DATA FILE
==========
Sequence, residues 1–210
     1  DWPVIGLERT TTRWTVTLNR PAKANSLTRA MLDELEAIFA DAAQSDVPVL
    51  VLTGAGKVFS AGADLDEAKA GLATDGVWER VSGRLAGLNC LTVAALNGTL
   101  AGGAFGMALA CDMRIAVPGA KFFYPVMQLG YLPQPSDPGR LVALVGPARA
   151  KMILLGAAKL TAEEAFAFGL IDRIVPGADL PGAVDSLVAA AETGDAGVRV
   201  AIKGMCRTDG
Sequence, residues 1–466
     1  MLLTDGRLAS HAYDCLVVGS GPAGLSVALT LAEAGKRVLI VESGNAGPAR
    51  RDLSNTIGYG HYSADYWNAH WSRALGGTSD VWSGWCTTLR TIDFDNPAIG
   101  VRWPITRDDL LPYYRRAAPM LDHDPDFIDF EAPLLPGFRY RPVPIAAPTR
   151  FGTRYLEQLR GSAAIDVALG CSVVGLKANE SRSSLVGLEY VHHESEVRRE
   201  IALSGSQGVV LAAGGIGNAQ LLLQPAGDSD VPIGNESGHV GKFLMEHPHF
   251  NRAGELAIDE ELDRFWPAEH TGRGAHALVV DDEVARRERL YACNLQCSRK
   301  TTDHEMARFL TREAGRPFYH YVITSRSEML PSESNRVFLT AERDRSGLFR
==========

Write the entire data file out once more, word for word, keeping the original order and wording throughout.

Sequence, residues 1–210
     1  DWPVIGLERT TTRWTVTLNR PAKANSLTRA MLDELEAIFA DAAQSDVPVL
    51  VLTGAGKVFS AGADLDEAKA GLATDGVWER VSGRLAGLNC LTVAALNGTL
   101  AGGAFGMALA CDMRIAVPGA KFFYPVMQLG YLPQPSDPGR LVALVGPARA
   151  KMILLGAAKL TAEEAFAFGL IDRIVPGADL PGAVDSLVAA AETGDAGVRV
   201  AIKGMCRTDG
Sequence, residues 1–466
     1  MLLTDGRLAS HAYDCLVVGS GPAGLSVALT LAEAGKRVLI VESGNAGPAR
    51  RDLSNTIGYG HYSADYWNAH WSRALGGTSD VWSGWCTTLR TIDFDNPAIG
   101  VRWPITRDDL LPYYRRAAPM LDHDPDFIDF EAPLLPGFRY RPVPIAAPTR
   151  FGTRYLEQLR GSAAIDVALG CSVVGLKANE SRSSLVGLEY VHHESEVRRE
   201  IALSGSQGVV LAAGGIGNAQ LLLQPAGDSD VPIGNESGHV GKFLMEHPHF
   251  NRAGELAIDE ELDRFWPAEH TGRGAHALVV DDEVARRERL YACNLQCSRK
   301  TTDHEMARFL TREAGRPFYH YVITSRSEML PSESNRVFLT AERDRSGLFR